Back in the summer of 2015, AbbVie agreed to pay $350 million for a priority review voucher, which can be used to shave four months off the schedule for any FDA drug review. But now, less than two years later, the price has come down considerably.
Early Monday Sarepta $SRPT said that it has auctioned off its PRV for $125 million, still a considerable sum of cash. Sarepta CEO Ed Kaye started the sale process right after the approval for Exondys 51 landed, looking for some added cash as they launched their drug.
Sarepta didn’t say in its statement who is buying the voucher or what drug it will be used for, but in its SEC filing today the biotech identified the buyer as Gilead, which helped get this market established in 2014 when it acquired its first PRV for $125 million.
The news should help encourage Marathon, which also landed a PRV just days ago after its controversial approval for its cheap, generic steroid deflazacort, to be sold in the US as a treatment for Duchenne MD. Marathon likely spent far less than that for its own development program, according to a pair of experts. And a deal for the PRV at $125 million could easily make their drug profitable, before it’s even sold.
These PRVs have had a controversial history. Regulators have made it clear that they don’t like to be forced to give the inside track at the FDA to any company which can afford to pay the price to hurry along a therapy that’s not so urgently needed. But lawmakers like the added incentive, claiming that it encourages innovation where it’s needed most.
As a result, the number of PRVs on the market has multiplied. Ionis won one, for example, and Alexion has won two by itself. Gilead has been an eager buyer.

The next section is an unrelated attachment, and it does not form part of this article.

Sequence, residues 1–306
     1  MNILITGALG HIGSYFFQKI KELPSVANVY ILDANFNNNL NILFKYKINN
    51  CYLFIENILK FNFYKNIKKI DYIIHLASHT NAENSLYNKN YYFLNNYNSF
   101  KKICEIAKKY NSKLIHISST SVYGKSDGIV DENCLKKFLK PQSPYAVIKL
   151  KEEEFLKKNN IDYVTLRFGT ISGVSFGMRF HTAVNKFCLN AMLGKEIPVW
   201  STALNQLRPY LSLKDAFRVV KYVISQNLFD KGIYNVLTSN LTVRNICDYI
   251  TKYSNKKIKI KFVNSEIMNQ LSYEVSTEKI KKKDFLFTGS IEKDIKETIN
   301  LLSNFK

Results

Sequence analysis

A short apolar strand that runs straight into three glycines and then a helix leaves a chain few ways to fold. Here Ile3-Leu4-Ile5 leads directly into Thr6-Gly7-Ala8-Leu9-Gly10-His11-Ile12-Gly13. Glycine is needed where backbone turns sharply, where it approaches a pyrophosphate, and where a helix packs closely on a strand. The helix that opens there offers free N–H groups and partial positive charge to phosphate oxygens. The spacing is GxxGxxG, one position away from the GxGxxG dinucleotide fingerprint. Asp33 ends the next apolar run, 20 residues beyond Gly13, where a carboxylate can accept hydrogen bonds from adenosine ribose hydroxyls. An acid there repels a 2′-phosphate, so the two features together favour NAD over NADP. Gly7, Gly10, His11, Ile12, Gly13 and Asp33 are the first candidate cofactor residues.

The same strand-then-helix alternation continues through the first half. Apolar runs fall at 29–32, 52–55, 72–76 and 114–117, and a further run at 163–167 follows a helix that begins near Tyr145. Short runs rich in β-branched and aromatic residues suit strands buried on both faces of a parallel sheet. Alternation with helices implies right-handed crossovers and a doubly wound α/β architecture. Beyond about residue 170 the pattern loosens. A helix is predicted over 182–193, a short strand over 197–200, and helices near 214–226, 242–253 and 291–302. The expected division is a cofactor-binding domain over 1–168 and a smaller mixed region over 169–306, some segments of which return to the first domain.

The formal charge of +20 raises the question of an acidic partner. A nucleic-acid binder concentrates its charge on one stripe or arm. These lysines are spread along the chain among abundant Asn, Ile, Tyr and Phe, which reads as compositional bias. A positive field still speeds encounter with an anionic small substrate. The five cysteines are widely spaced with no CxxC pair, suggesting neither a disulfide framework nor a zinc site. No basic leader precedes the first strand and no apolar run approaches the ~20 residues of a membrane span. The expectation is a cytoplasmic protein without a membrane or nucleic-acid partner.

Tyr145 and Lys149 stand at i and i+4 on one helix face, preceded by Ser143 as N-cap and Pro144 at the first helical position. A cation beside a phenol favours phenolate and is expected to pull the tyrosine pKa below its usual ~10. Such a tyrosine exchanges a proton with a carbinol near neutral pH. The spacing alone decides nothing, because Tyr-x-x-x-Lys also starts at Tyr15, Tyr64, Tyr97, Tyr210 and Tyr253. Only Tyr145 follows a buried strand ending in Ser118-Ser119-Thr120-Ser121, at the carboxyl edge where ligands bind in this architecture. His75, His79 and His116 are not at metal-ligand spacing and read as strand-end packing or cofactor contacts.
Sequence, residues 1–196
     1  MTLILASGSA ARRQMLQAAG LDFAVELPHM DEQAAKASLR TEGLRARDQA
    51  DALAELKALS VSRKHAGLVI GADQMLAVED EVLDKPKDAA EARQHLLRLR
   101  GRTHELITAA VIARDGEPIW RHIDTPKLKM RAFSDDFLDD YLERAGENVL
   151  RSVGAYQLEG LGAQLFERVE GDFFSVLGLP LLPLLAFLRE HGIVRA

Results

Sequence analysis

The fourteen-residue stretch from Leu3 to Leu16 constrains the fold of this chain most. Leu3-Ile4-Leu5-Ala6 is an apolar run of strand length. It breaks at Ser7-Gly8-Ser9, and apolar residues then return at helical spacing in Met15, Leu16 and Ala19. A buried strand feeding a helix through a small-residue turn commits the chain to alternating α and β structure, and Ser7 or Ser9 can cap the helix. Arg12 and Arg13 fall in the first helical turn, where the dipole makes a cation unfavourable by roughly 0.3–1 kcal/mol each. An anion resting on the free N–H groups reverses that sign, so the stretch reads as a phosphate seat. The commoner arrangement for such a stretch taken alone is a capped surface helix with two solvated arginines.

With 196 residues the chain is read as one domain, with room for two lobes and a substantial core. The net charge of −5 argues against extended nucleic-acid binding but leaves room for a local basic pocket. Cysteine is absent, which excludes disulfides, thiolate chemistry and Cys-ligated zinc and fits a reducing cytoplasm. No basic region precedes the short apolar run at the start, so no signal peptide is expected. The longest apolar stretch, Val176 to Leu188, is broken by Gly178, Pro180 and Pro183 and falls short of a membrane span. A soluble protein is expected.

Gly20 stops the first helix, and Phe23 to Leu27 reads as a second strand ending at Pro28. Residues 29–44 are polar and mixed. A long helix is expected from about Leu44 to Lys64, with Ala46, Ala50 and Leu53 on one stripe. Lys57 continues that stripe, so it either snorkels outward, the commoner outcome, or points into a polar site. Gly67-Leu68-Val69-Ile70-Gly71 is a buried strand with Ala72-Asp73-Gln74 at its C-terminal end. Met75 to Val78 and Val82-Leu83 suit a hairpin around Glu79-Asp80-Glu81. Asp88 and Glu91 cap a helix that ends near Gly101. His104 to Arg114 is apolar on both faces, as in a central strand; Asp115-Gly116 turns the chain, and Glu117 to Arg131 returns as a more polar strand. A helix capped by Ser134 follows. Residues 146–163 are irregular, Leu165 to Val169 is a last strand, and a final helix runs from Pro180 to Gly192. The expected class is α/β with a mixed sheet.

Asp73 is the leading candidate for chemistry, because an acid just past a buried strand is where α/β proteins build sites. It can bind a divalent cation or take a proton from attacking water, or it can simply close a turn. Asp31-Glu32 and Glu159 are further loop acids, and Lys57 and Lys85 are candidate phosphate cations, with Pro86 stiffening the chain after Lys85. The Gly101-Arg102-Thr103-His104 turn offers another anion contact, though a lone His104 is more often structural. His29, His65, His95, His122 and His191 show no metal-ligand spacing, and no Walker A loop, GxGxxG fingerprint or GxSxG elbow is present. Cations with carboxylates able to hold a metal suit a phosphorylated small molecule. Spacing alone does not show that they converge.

Leerink’s Joseph Schwartz was disappointed to hear what the PRV had fetched. He noted:
Upon Exondys 51 approval and the receipt of the PRV, we had initially estimated a ~$350M PRV value in our DCF. With the reauthorization of the PRV program, we decreased our estimate to $200M to account for a reduction in the scarcity value of these instruments and to reflect the minimal benefit accorded by the previous PRV purchased by REGN (OP) from BMRN (OP). Today’s announcement of $125M is even lower than our adjusted estimates. And while this non-dilutive amount will surely add additional runway to Sarepta’s cash position, we cannot help but wonder if this transaction reflects a 1) broader decline in PRV interest among bidders, or 2) an undervalued asset sale.
Credit Suisse helped market the PRV, according to Sarepta’s statement, making the outreach to “multiple” biopharma companies.
“Our mission at Sarepta Therapeutics is to treat more boys with Duchenne muscular dystrophy,” said Edward Kaye, Sarepta’s chief executive officer. “The sale of the PRV provides an important source of non-dilutive capital to support the rapid advancement of our follow on exon skipping candidates and next generation RNA targeted antisense platform.”
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